Champions for Change Summer 2015 Highlights

It was a busy summer for CNAY’s Champions for Change! Native youth leaders from across the country participated in events, traveled to conferences and made positive impacts in their communities. CNAY created the Champions program as an effort to shine a spotlight on inspirational stories and promote hope in Indian Country. In our visits to tribal and urban Indian communities, our team listens to and learns from young Native Americans about youth priorities, challenges and successes. We continue to hear from and about inspirational Native youth who are takingthe lead in tackling community challenges and inspiring entire communities. The CFC program is a way to recognize and encourage those youth-led efforts!

White House Tribal Youth Gathering

Many of our Champions from all three classes participated in the first ever White House Tribal Youth Gathering in early-July, with some serving on the planning committee for the historic event. Dahkota Brown and Liz Burns played an important role in developing the theme, break-out sessions and speakers, which included First Lady Michelle Obama. At the White House Tribal Youth Gathering itself, Dahkota and Liz were joined by Vance Home Gun, Sarah Schilling, Cierra Fields, Rory Taylor, William Lucero, Danielle Finn, and Hamilton Seymour – who introduced the First Lady. The Champions were all active participants and showed their leadership in moderating panels with high level federal officials and facilitating break-out sessions.

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National Advocacy

In addition to the Gathering, Champions came out to DC to participate in CNAY’s Capitol Hill briefing in July, CNAY’s roundtable with federal agencies and national tribal organizations, and the Native American Language Summit in early-September. Hamilton Seymour and Rory Taylor joined other Native youth on a panel during our briefing hosted by Congressman Tom Cole and Congresswoman Betty McCollum in early-July. That same week, Rory participated on a panel with Secretary Jewell and then later joined Sarah Schilling on Al-Jazeera America’s Stream program.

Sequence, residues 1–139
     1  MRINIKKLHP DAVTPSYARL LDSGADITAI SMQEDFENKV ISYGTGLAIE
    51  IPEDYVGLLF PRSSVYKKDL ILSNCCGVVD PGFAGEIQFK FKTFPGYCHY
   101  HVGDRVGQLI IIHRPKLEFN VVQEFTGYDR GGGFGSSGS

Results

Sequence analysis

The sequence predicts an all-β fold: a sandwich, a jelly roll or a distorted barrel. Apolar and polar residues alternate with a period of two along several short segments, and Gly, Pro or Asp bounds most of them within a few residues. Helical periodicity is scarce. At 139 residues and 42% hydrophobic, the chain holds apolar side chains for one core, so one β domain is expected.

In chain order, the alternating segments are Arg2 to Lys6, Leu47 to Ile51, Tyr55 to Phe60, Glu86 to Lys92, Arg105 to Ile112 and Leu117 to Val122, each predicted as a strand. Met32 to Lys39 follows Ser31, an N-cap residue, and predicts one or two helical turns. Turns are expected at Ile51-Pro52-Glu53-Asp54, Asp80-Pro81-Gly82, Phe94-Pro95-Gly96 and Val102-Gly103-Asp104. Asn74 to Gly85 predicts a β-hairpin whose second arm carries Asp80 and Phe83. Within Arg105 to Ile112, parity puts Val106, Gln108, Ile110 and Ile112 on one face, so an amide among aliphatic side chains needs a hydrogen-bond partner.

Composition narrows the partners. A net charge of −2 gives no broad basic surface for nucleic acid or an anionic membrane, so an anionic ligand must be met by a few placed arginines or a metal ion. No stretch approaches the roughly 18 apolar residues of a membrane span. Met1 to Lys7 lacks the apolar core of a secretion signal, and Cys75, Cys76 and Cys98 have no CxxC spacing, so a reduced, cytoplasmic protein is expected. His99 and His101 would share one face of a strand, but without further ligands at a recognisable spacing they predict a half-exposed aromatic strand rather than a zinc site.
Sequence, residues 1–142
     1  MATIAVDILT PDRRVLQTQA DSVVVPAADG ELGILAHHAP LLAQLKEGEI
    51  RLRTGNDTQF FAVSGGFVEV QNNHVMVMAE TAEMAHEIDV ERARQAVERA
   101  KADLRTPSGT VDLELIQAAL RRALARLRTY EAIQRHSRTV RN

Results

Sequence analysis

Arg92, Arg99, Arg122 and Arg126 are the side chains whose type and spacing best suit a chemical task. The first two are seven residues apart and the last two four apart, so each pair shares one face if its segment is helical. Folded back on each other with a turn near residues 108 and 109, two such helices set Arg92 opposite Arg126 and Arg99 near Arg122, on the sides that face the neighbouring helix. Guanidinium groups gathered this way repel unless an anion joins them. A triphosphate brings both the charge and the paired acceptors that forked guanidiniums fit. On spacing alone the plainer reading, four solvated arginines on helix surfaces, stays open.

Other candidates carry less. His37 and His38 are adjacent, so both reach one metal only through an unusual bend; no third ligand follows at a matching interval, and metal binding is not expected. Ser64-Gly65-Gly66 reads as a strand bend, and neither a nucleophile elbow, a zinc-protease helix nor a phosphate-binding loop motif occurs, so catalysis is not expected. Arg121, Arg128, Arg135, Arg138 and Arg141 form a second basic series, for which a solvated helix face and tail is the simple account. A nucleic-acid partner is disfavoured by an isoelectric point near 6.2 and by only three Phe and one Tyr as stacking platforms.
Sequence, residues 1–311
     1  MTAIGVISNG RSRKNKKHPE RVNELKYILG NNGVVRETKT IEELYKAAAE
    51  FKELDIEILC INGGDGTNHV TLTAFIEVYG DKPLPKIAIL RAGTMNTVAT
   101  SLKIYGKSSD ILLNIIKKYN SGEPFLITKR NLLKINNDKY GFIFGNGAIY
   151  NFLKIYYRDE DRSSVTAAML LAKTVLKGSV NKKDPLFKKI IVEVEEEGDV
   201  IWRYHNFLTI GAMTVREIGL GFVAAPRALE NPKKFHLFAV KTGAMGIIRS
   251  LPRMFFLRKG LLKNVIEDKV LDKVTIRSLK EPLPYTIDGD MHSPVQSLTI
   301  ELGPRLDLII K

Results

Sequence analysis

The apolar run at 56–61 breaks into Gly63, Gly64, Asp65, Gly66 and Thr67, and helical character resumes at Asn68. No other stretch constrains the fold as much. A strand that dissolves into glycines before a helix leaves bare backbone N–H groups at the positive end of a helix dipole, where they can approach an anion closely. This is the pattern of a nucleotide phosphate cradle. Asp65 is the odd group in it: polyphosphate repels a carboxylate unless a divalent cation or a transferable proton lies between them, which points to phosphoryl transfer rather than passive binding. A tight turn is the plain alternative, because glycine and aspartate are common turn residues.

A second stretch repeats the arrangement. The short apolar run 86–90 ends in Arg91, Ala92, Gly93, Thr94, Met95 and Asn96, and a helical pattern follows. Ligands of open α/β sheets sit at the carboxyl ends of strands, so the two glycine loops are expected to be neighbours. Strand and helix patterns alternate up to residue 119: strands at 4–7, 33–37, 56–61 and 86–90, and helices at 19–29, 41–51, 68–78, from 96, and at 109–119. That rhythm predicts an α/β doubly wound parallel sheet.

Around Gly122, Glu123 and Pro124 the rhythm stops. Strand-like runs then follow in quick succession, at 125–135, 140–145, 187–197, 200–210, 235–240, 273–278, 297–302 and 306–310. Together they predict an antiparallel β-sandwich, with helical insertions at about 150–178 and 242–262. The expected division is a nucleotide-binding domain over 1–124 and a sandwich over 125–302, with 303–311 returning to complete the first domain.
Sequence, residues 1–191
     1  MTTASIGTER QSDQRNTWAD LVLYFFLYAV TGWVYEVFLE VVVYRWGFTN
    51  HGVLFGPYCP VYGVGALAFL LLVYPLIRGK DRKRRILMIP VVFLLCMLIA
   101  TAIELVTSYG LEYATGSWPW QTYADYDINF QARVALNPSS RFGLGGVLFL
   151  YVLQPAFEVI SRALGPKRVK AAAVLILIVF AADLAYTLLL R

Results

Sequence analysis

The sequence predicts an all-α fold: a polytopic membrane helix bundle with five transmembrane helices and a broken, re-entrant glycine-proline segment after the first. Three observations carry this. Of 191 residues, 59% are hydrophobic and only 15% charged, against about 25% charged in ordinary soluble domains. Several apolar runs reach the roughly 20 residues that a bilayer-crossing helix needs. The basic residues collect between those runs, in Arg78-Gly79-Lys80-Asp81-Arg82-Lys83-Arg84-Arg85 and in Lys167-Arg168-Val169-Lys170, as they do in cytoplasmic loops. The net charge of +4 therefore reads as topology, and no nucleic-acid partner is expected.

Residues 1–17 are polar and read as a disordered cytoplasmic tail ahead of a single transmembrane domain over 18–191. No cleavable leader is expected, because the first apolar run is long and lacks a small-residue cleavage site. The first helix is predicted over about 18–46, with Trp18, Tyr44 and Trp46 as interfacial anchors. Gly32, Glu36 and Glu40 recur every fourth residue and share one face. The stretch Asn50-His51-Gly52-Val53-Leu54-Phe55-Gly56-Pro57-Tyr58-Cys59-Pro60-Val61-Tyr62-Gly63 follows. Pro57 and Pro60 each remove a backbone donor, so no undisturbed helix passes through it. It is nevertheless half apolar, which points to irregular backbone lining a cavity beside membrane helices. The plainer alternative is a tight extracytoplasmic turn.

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In early-September, Sarah and Lauren McLester-Davis provided their perspectives to federal agencies, national tribal organizations and non-Native advocacy organizations during our summer roundtable. Vance Home Gun, who also attended the roundtable, served on a panel during the Native American Language Summit to share his perspectives on language preservation. Lastly, Jazmyn Espinoza traveled to DC to be a counselor for the Pathkeepers for Indigenous Knowledge camp, as well as a meeting with Casey Family Programs.

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Joaquin Gallegos, had a Letter to the Editor published in the Washington Post and also spoke on a panel at A Gathering of Leaders in New Orleans.

Travel to Tribal Communities

Jazmyn also traveled with CNAY staff to Washington State in early-August to help facilitate meetings with youth from the Muckleshoot Indian Tribe, the Tulalip Tribes, the Lummi Nation and the Nooksack Indian Tribe. During the meetings, Jazmyn also shared about her leadership efforts and encouraged young people to tackle challenges in their communities.

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During the trip, she was joined by William Lucero and Hamilton Seymour, who also shared about their positive leadership and participation in the Champions program.

Community Efforts

Dahkota Brown had a busy summer with his advocacy to remove Native American mascots from schools – specifically in his home state of California, where the legislature recently passed a law to ban the use of “Redskins” in schools.

Cierra Fields was very active in her tribe this summer helping to plan another youth summit, create a women’s shelter and raise awareness about sexual assault.

Carin Young is currently working on a non-profit status for Break the Silence in Hawaii. She is also working on creating a summer camp for homeless children with a focus on Native Hawaiian youth. The camp will teach job training and life skills. She will graduate from college this fall and move to Mexico at the end of the year to continue her journey of public service.

Tatiana Ticknor spent her summer promoting culture and language and youth leadership. She created a “Word of the Day” campaign in the Dena’ina language, organized a youth council at her school, which is currently having elections and fundraising to attend conferences and access leadership development opportunities.

Internships and Academic Programs

Keith Martinez, who recently received the Harry S. Truman Scholarship this past April, attended the Public Policy & International Affairs (PPIA) Summer Institute at the Woodrow Wilson School of Public Policy & International Affairs at Princeton University.

Rory Taylor served as a CNAY intern this summer, during which he helped with public events and policy efforts.

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